We are celebrating fifteen years since the renewal of independence without consensus on what kind of Montenegro we need. Society is deeply and tensions spark almost daily, in some form. This is accompanied by the burden brought by the health and economic crisis, which even more developed societies and more responsible political structures have a hard time dealing with.
The fact that on 22 May 2006, no dialogue was started on how to create a sustainable political community that all citizens feel like their own and the only state, regardless of how they voted on 21 May, as well as the absence of dedicated work of politicians on its modernization and development, has caused unforeseeable consequences. Over the past fourteen years, the previous government (mis)used all available mechanisms to preserve or expand power, utilizing patriotic sentiments as a coat that hid various misdeeds on the state to which they had publicly and indecently loudly promised allegiance.
At the political level, they nurtured antagonisms and wholeheartedly reminded who was “for” and who was “against” the state in 2006, in order to continue sailing on the wave of victors, pushing the defeated into growing mud. The institutions were shaped by the image of those who were ready to be agile soldiers for the “party issue”, with the tacit consent to include as a wage both their personal and related interests. At the same time, with the illusion of omnipotence, confrontation with dissidents caused degradations, which included dirty campaigns conducted in cooperation with imported media from neighbouring Serbia, but also domestic media Cerberus. In that decadence, the underestimation of citizens grew, but also the arrogance towards the EU and other foreign policy partners who observed Montenegro without pink glasses.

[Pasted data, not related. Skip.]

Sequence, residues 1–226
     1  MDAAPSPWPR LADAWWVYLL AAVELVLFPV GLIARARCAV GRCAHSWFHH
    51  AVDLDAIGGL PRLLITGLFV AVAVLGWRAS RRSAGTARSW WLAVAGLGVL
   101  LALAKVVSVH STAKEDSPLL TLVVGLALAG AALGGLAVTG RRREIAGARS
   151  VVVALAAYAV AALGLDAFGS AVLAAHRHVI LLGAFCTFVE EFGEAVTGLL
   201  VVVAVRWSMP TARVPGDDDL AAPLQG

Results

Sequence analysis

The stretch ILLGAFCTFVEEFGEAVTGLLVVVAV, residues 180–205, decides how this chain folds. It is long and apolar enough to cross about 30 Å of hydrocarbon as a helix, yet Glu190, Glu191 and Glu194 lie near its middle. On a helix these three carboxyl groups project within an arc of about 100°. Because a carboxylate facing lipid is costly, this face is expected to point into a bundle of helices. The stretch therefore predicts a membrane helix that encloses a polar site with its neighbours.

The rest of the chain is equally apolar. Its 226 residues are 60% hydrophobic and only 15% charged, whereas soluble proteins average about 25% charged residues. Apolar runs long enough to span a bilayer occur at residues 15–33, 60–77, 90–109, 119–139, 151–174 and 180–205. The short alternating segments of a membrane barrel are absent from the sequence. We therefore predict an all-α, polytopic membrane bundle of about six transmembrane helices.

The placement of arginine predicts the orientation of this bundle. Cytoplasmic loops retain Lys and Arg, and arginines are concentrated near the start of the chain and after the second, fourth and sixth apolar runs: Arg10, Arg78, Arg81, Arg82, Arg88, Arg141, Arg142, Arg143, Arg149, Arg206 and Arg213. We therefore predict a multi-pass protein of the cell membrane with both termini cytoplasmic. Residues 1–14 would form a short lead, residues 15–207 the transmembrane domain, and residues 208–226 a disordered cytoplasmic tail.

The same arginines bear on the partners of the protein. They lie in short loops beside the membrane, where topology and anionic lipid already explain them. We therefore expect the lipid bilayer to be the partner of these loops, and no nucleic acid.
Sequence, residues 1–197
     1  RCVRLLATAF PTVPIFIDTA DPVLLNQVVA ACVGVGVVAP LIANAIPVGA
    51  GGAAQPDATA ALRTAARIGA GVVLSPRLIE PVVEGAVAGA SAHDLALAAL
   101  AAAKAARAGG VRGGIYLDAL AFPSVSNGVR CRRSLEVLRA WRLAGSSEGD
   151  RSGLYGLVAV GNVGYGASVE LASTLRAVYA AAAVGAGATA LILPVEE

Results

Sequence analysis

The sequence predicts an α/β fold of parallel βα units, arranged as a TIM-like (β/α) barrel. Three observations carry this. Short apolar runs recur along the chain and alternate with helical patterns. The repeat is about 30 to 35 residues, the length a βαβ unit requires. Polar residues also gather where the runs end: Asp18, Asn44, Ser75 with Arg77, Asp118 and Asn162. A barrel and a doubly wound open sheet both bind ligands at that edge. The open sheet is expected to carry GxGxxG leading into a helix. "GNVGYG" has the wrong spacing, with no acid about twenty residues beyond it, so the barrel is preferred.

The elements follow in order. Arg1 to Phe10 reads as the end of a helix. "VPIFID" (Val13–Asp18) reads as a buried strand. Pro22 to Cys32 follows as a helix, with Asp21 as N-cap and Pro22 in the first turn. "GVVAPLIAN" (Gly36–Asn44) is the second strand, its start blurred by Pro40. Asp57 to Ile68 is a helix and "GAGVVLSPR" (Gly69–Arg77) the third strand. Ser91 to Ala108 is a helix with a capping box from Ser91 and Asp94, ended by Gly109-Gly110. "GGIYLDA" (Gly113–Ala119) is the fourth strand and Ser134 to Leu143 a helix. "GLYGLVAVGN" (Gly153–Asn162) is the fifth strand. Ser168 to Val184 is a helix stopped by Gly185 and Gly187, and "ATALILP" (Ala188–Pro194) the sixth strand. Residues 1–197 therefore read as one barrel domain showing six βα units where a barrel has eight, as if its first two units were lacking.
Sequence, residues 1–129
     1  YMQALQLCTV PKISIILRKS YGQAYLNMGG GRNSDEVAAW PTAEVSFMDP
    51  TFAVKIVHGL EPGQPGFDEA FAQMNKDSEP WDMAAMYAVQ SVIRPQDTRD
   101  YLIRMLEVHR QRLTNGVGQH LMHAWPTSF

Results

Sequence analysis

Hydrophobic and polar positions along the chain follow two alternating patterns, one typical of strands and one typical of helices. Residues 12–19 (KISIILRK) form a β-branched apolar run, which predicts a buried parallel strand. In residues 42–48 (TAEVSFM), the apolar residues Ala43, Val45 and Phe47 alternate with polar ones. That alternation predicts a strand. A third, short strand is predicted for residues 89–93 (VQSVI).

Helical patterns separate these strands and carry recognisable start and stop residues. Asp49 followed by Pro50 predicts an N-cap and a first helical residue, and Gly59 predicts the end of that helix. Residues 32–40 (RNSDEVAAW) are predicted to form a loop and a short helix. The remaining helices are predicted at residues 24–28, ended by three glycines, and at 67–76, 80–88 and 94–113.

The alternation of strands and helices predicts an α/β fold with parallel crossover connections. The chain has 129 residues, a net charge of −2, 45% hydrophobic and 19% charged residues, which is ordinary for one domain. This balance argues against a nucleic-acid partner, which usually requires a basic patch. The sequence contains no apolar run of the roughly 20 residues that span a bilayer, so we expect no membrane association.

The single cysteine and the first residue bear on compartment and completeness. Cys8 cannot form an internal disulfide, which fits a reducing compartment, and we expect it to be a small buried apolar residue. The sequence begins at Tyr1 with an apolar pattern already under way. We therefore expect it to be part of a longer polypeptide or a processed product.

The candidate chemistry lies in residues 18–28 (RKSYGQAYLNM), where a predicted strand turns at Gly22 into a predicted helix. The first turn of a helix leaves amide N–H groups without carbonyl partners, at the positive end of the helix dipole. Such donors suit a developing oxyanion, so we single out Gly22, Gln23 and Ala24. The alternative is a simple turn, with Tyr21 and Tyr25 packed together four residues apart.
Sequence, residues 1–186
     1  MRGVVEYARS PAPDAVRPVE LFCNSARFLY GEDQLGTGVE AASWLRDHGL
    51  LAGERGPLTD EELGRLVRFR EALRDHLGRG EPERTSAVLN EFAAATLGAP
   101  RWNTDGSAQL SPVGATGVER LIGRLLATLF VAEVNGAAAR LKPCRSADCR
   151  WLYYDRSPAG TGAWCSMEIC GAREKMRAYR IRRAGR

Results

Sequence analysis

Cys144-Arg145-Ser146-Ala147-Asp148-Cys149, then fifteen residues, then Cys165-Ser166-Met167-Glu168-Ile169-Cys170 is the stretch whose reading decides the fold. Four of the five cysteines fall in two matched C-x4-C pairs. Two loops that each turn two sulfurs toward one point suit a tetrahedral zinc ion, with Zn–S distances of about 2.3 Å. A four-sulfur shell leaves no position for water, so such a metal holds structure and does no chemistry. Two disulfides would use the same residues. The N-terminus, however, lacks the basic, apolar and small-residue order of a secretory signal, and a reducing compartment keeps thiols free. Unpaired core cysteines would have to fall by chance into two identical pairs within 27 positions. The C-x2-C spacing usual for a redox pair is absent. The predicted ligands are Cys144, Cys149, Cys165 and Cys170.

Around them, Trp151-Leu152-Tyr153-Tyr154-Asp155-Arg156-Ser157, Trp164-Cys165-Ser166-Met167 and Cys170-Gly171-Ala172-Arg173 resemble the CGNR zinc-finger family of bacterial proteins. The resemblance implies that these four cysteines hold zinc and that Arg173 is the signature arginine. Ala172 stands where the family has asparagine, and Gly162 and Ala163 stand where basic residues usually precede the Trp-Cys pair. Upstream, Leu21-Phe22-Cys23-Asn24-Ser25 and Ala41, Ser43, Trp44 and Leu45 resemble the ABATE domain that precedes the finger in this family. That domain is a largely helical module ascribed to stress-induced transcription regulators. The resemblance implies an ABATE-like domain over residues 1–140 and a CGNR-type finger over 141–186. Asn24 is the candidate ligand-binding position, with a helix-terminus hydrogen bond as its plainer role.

Changing bad governance was needed. And it happened for the first time after the renewal of the multi-party system in the elections in August 2020. That change was supposed to be a chance to correct the deficiencies of the former government and to enter a new phase of consolidating the democratic order in Montenegro. However, it was also clear that a change of government would not solve all our problems.
The agreement of the leaders of the three ruling coalitions, signed immediately after the 2020 parliamentary elections, instilled hope that the newly elected have learned some lessons from the previous government, and that they are wise enough not to tread on what were rare but good previous aspects, such as foreign policy priorities and a willingness to compromise with minorities to share with them participation in government. Unfortunately, nowadays, after half a year, few things remained unviolated or retained from that agreement.
Apart from the fact that the new government demonstrates that it does not understand the complexity of European Union negotiations and that it fails to manage public administration, we are increasingly witnessing the expression of ignorance of political processes in different dimensions, but also our positions in them. In support of this are the facts that the negotiating structure of Montenegro within the EU negotiation process is in disarray and without the idea of further restructuring, while party employment, for which the previous government was justifiably criticized, continued with new party membership cards and with the blessing of the church. There are too many examples that raise the question of whether the new officials have been “inserted” the worst enemies amongst political advisers, because only this can explain the amount of imprudence, particularly within the executive branch, which is monitored from all sides and with the utmost care.
With the change of government, the main bearers of the deformity did not leave, nor did those who can bring fundamental changes come to power. But this is expected, as well as the fact that it will take several more cycles to form a mature political elite. We are paying the price, inter alia, of a prolonged democratic and economic transition. However, this does not mean that one should sit idly by.